Saturday, October 24, 2015

Back to Basics: How to relate to your customers in today's world


Do you know if your content is resonating with your audience? Do you know who exists in your audience? Do you use Buyer Personas to build targeted content? If so, how do you build those personas?

Personalized, data-driven marketing will become increasingly important moving into 2016 and beyond. Building strong relationships with your customers will become more important in this ever diversified digital world. This is not new, it's just something we haven't been doing a great job at.

Getting back to basics

The Furrow is a magazine about agriculture, farming and any other topic that is relevant and interesting to the average farmer. John Deere first produced this content in 1895. You could say
that this is this first piece of content marketing (that we can reference anyway) and still exists today. 
John Deere started his company by listening and understanding his customers. John was able to talk to his customers face-to-face to hear their struggles and build products that suited their needs. John passed away before The Furrow was first published, but it is based on his legacy of understanding your customers and providing them with information suited to their interests and needs.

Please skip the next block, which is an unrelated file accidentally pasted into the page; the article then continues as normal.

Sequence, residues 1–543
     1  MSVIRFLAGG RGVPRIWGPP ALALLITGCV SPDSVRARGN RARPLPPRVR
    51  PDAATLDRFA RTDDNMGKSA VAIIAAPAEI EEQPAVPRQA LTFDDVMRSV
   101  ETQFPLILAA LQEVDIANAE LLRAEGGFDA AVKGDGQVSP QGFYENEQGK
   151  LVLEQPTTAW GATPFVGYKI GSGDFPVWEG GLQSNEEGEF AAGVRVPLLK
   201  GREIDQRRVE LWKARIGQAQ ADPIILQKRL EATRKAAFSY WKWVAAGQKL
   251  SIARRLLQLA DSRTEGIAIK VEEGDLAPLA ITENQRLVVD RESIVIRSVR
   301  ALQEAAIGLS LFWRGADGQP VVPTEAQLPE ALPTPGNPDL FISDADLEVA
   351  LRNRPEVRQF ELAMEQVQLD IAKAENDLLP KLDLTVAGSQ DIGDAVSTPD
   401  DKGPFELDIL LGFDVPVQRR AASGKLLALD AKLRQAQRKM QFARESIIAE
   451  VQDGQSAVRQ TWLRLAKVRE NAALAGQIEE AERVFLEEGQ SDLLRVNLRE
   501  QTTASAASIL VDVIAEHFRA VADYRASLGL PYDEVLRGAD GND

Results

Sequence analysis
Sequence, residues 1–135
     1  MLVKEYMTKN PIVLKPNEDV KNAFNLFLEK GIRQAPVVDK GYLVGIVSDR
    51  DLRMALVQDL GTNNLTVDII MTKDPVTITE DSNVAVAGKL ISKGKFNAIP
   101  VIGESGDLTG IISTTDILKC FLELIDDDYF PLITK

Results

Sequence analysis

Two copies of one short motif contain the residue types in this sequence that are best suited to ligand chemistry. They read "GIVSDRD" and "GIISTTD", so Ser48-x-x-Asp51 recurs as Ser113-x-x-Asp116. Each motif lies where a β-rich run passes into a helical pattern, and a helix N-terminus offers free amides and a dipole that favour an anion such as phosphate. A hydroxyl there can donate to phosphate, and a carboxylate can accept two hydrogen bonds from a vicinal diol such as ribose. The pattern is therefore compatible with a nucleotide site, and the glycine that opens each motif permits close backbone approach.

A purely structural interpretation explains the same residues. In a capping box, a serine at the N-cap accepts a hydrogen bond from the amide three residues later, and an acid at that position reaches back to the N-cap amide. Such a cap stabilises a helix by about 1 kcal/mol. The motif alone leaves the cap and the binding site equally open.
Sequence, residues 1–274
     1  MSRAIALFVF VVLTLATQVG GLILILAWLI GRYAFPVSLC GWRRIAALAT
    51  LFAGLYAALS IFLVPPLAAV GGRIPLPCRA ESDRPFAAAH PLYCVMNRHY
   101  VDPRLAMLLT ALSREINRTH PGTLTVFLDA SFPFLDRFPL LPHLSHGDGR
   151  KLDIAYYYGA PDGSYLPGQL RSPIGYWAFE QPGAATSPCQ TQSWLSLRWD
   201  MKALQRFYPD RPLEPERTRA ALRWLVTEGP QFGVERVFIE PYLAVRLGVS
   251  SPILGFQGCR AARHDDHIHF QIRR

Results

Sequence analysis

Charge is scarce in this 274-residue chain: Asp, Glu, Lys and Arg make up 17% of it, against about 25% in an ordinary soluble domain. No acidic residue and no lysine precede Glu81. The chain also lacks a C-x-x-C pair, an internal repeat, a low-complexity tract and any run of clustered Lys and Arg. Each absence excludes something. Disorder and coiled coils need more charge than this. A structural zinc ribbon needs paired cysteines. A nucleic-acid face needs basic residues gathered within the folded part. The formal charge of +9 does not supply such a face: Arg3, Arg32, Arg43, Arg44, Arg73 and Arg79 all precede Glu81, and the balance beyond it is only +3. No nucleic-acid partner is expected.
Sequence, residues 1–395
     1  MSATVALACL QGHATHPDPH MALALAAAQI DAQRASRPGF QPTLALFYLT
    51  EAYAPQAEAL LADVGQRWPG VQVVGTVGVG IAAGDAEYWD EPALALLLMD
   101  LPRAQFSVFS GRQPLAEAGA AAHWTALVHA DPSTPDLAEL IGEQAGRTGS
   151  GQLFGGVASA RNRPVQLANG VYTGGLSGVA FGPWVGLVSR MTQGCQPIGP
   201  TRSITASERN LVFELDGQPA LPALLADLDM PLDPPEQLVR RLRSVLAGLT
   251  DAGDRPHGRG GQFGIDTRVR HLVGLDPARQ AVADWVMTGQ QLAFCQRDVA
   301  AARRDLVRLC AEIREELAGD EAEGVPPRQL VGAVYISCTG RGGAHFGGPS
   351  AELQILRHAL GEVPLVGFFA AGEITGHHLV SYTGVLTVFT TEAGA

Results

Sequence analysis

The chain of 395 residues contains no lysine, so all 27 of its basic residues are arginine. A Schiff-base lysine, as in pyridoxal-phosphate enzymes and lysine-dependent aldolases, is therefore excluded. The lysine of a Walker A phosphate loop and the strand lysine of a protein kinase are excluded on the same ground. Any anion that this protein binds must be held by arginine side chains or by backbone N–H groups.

In today's world, we don't have the opportunity to interact with each of our customers face-to-face. Our customers are more diverse and unique than ever before, they are not located down the road from you, they are spread out all over the country or world. So, how do we create a customer experience that is unique and personalized?
Buyer Personas are not a new concept, but how we build them is. You likely use personas to create your Marketing strategies and plan your content. But how are you defining these target segments?

Let's talk about demographic targeting

Who is your target market? Way back, you may have defined it as "Females aged 18-49". In the 80's, Marketers realized this wasn't enough and introduced 'Generational Targeting', defining consumers not just by age, but also by social, economic, demographic and psychographic factors. Then 'Cohort targeting', which was centered around the life path of a target segment. We seemed to have stopped the evolution of targeting there, for the most part.
With all of the complex data and information about consumers that we have today, why are we still basing targeting around simple demographics like age, location, gender, income? It's so common to hear a market defined as "Females aged 18-24, who attend College and love beauty products". Ok, so that's more complex than just demo's, but one girl attending college aged 23 who wears makeup may be the MVP of the Basketball team and really into EDM and the bar scene. While, another 23-year-old girl attending the same college who wears makeup is First Chair Cellist in the school orchestra and is interested in Yo-yo's (my kinda girl).  I'm sure you are getting my drift here.